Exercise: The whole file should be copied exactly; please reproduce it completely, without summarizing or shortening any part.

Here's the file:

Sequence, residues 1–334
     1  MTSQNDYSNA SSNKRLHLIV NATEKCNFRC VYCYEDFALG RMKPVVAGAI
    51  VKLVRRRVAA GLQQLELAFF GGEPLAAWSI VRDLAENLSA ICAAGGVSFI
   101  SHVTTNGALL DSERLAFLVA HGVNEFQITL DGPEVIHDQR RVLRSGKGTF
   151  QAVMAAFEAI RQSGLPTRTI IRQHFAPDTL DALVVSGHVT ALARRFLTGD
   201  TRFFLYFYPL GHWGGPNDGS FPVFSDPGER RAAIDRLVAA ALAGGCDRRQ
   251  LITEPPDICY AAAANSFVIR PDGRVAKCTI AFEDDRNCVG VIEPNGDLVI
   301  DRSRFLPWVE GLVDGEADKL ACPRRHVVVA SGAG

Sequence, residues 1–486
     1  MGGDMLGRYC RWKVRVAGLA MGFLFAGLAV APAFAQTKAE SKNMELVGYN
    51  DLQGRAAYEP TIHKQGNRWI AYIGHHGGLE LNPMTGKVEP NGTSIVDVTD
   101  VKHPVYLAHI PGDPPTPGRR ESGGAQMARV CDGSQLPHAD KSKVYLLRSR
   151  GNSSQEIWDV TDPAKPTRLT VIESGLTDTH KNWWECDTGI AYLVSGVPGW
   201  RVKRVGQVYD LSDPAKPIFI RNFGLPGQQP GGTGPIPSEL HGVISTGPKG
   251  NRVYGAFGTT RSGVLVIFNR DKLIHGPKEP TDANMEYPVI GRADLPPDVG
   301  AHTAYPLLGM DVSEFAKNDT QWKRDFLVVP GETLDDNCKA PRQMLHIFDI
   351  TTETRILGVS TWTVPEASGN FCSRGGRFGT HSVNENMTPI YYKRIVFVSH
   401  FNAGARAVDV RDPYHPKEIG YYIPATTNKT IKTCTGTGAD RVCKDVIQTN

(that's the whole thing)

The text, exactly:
Sequence, residues 1–334
     1  MTSQNDYSNA SSNKRLHLIV NATEKCNFRC VYCYEDFALG RMKPVVAGAI
    51  VKLVRRRVAA GLQQLELAFF GGEPLAAWSI VRDLAENLSA ICAAGGVSFI
   101  SHVTTNGALL DSERLAFLVA HGVNEFQITL DGPEVIHDQR RVLRSGKGTF
   151  QAVMAAFEAI RQSGLPTRTI IRQHFAPDTL DALVVSGHVT ALARRFLTGD
   201  TRFFLYFYPL GHWGGPNDGS FPVFSDPGER RAAIDRLVAA ALAGGCDRRQ
   251  LITEPPDICY AAAANSFVIR PDGRVAKCTI AFEDDRNCVG VIEPNGDLVI
   301  DRSRFLPWVE GLVDGEADKL ACPRRHVVVA SGAG

Sequence, residues 1–486
     1  MGGDMLGRYC RWKVRVAGLA MGFLFAGLAV APAFAQTKAE SKNMELVGYN
    51  DLQGRAAYEP TIHKQGNRWI AYIGHHGGLE LNPMTGKVEP NGTSIVDVTD
   101  VKHPVYLAHI PGDPPTPGRR ESGGAQMARV CDGSQLPHAD KSKVYLLRSR
   151  GNSSQEIWDV TDPAKPTRLT VIESGLTDTH KNWWECDTGI AYLVSGVPGW
   201  RVKRVGQVYD LSDPAKPIFI RNFGLPGQQP GGTGPIPSEL HGVISTGPKG
   251  NRVYGAFGTT RSGVLVIFNR DKLIHGPKEP TDANMEYPVI GRADLPPDVG
   301  AHTAYPLLGM DVSEFAKNDT QWKRDFLVVP GETLDDNCKA PRQMLHIFDI
   351  TTETRILGVS TWTVPEASGN FCSRGGRFGT HSVNENMTPI YYKRIVFVSH
   401  FNAGARAVDV RDPYHPKEIG YYIPATTNKT IKTCTGTGAD RVCKDVIQTN